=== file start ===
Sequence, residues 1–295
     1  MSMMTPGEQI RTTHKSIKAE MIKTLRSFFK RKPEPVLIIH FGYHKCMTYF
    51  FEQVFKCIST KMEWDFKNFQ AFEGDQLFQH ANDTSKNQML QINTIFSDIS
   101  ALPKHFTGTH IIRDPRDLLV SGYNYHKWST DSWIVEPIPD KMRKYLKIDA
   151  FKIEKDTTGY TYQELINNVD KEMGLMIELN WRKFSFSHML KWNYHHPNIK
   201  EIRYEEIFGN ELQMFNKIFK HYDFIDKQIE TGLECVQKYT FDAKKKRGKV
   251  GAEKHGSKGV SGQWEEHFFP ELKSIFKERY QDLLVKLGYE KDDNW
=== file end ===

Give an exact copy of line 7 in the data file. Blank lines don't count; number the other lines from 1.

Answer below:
   251  GAEKHGSKGV SGQWEEHFFP ELKSIFKERY QDLLVKLGYE KDDNW